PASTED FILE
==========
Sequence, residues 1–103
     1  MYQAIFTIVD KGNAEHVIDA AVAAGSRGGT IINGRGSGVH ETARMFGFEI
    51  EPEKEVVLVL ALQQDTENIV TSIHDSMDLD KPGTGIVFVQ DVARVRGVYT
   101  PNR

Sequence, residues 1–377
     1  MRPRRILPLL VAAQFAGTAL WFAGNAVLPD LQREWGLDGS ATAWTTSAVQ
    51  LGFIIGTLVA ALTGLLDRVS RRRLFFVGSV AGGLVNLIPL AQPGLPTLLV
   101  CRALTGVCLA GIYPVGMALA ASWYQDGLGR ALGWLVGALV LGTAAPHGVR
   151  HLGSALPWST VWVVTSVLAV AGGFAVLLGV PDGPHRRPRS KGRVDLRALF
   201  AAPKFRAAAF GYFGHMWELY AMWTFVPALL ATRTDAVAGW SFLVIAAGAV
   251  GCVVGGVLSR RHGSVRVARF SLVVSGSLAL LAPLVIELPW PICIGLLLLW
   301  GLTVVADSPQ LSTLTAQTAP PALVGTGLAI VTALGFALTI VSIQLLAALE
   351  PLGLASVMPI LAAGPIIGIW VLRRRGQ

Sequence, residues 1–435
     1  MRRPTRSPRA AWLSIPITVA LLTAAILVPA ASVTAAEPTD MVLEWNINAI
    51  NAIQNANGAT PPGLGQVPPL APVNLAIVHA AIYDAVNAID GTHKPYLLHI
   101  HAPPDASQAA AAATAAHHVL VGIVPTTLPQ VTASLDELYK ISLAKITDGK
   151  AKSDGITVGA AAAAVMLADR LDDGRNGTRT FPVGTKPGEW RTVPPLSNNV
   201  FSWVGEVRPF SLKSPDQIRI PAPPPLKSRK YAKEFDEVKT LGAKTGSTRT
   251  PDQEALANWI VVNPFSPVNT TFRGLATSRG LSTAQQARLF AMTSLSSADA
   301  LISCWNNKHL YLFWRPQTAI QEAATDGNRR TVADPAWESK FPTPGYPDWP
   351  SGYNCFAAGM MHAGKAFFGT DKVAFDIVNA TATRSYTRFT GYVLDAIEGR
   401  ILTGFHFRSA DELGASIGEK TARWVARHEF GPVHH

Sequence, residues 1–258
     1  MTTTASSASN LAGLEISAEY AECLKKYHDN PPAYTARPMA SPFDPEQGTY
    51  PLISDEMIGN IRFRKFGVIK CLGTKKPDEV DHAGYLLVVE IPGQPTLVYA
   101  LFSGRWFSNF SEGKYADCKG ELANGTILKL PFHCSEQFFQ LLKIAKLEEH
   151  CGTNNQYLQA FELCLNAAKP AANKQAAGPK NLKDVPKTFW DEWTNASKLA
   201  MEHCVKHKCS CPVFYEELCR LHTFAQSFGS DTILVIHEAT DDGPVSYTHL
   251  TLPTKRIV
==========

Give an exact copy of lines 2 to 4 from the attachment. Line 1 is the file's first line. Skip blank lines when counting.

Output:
     1  MYQAIFTIVD KGNAEHVIDA AVAAGSRGGT IINGRGSGVH ETARMFGFEI
    51  EPEKEVVLVL ALQQDTENIV TSIHDSMDLD KPGTGIVFVQ DVARVRGVYT
   101  PNR